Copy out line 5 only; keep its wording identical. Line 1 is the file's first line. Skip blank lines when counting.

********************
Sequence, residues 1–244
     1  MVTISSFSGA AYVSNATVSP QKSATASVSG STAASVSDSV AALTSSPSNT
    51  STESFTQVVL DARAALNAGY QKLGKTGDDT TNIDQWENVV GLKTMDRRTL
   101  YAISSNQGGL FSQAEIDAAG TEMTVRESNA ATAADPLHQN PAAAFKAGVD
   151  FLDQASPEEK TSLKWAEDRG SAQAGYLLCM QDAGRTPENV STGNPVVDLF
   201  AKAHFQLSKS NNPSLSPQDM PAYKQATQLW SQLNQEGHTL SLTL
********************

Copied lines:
   151  FLDQASPEEK TSLKWAEDRG SAQAGYLLCM QDAGRTPENV STGNPVVDLF